Dear MLE Interest group,
Below an encouraging study!
Karsten van Riezen
Education Consultant, SIL Int.
SIL, South Asia Group.
[mailto:Multilingual_Literacy@yahoogroups.com] On Behalf Of Don Osborn
Sent: 01 November 2006 04:07
Subject: [M_L] "Bilingual pupils do better in exams, report finds" (UK)
FYI (fwd from MultiEd-L)... DZO
Bilingual pupils do better in exams, report finds By Richard Garner,
31 October 2006
Bilingual children are far more likely to get top-grade passes in exams in
all subjects, a report has found.
A study of Portuguese children at secondary schools in London showed that
those who were encouraged to continue studying their native language were
five times as likely to achieve five top grade A* to C grade passes at GCSE.
The study also found that 11-year-olds in Hackney who speak more than one
language at home were outperforming pupils who only speak English, even in
reading, in their national curriculum tests.
The report, Positively Plurilingual, is published today by Cilt, the
national centre for languages, to coincide with a drive to encourage the
take-up of community languages.
In an introduction to the report, Sir Trevor McDonald - who led a major
inquiry into the teaching of languages in schools and is now Cilt's patron -
says too many schools miss out on the opportunity to ensure bilingual pupils
develop their skills in languages other than English. "Rather than thinking
in terms of an 'English-only' culture, we should be promoting
'English-plus'," he says. "We know that children are capable of acquiring
more than one language and that doing so brings a range of educational
benefits, including cognitive advantages, enhanced communication skills and
an openness to different cultural perspectives."
The report also cites research by Ellen Bailystock of York University in
Canada, which showed that bilingual people were better at multi-tasking than
those who only speak one language. This is because they regularly exercise
the part of the brain known as the pre-frontal cortex which reinforces
The report says that more than one in eight primary school pupils in the UK
- about 850,000 children - speak a language other than English at home.
"People who already speak more than one language find it easier to learn new
languages than monolinguals," it adds.
It gives several examples of schools that take advantage of the ethnic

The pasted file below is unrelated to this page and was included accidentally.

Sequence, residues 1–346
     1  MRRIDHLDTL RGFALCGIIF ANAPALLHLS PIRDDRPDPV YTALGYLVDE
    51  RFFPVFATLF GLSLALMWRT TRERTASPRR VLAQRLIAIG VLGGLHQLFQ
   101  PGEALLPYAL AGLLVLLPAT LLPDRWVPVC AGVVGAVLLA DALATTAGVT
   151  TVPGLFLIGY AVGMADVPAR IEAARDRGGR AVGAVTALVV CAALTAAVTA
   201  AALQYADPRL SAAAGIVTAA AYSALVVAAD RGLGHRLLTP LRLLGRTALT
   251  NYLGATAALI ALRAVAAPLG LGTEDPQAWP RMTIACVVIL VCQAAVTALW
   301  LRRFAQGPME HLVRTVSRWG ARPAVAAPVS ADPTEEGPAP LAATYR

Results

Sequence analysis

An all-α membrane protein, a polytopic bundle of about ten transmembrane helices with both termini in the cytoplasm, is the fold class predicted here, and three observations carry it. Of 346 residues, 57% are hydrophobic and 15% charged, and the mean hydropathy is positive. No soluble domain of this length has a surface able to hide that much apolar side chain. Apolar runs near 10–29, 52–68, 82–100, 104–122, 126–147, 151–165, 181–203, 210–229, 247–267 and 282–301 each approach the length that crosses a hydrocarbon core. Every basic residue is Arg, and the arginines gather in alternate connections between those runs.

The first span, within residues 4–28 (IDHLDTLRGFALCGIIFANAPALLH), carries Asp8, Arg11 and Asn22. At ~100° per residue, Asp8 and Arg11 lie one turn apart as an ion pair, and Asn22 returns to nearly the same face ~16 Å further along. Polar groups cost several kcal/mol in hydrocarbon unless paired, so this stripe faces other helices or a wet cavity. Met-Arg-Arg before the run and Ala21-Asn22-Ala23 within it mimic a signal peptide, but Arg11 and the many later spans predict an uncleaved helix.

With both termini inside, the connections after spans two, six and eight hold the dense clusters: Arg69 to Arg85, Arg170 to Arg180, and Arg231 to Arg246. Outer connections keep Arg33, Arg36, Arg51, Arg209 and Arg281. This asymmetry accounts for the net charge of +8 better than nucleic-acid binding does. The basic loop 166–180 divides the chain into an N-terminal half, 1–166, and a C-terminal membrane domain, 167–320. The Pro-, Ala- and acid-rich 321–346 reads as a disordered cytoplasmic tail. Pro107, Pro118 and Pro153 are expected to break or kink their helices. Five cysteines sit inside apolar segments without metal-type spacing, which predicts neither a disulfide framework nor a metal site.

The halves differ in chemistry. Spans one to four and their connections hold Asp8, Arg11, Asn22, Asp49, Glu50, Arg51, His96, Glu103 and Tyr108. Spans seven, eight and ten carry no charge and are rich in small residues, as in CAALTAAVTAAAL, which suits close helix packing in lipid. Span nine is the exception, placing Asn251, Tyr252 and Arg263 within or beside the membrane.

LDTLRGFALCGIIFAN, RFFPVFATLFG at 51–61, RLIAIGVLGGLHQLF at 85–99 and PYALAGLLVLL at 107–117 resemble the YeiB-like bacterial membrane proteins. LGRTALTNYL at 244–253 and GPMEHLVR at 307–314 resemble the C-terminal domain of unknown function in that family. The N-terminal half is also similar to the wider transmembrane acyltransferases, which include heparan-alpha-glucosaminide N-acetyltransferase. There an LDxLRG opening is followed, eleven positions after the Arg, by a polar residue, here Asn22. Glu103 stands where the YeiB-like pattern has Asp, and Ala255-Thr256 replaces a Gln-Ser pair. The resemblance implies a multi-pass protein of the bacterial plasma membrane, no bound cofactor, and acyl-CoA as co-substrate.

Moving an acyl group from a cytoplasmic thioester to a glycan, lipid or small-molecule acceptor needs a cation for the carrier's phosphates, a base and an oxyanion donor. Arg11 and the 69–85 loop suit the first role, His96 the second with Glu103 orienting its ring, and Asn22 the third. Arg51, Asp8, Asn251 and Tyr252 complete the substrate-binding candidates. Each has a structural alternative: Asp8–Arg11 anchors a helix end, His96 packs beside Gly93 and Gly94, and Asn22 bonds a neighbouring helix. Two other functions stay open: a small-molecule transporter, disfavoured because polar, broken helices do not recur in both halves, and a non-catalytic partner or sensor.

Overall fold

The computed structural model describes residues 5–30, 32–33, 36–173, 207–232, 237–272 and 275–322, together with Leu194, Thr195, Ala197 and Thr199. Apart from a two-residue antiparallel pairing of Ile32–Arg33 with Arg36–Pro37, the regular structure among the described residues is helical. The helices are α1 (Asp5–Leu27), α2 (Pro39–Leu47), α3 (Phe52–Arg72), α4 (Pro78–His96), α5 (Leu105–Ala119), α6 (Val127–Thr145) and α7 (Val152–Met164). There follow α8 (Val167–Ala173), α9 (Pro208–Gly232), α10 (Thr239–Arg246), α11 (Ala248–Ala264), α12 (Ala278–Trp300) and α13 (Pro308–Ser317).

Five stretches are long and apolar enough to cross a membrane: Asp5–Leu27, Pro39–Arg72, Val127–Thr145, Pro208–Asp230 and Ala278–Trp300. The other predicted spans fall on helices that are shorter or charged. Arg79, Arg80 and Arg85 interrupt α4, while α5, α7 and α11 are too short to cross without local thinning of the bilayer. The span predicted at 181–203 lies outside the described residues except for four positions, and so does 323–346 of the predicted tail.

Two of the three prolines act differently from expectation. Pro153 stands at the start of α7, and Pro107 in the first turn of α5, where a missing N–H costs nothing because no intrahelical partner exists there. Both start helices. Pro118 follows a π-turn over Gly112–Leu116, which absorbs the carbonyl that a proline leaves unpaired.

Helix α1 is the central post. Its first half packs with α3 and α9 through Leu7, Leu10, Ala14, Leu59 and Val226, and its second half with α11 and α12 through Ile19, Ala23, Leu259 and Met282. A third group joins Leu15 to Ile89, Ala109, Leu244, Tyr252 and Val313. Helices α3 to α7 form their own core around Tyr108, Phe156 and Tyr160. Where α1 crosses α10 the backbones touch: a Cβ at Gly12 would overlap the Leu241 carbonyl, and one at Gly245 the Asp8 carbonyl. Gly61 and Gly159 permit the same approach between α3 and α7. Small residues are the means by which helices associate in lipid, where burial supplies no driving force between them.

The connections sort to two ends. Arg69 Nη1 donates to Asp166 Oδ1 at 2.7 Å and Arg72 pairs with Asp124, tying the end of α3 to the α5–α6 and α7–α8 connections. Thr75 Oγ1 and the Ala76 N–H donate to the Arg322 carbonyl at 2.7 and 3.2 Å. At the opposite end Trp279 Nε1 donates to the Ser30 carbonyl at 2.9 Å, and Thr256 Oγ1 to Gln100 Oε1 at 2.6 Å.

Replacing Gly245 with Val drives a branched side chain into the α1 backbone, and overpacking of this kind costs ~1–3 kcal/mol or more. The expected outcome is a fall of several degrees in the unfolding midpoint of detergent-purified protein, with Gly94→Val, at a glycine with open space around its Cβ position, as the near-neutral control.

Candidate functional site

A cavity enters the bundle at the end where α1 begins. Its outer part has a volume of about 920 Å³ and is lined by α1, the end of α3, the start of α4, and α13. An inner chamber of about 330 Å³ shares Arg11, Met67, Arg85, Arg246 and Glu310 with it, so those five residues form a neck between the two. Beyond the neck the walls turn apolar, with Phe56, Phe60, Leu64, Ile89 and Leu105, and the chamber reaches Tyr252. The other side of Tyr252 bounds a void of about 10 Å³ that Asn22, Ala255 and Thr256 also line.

diversity of their children - including Newbury Park primary school in
Redbridge, east London, which adopts a different "language of the month" so
its pupils get a grounding in all of the 44 languages spoken at the school.
Peterborough now offers classes in Italian, Urdu and Punjabi in its primary
schools. "The linguistic map of the UK is changing," concludes the report.
"The number of languages in use is growing and diversity is spreading to
parts of the country where previously few languages other than English were
Dorset County Council, for instance, has teamed up with Tower Hamlets in
east London - where 60 per cent of pupils are of Bangladeshi origin
- to provide distance learning for Bengali speakers. Cumbria offers Saturday
classes in Chinese and Bengali.
More than 200 representatives of schools and local education authorities
will gather at the Polish embassy this morning to promote the teaching of
Polish, in a meeting timed to coincide with the launch of the report.
Children of Polish origin are one of the fastest growing ethnic minority
groups in UK state schools.
Today's drive comes in the wake of the decision by Alan Johnson, the
Education Secretary, to set up an inquiry into the teaching of languages in
schools - following the disastrous slump in take-up of the subject at GCSE
and A-level when compulsory language lessons after the age of 14 were
scrapped. It is to be headed by Lord Dearing, the former chairman of the
Post Office, and is expected to make its interim report in December.
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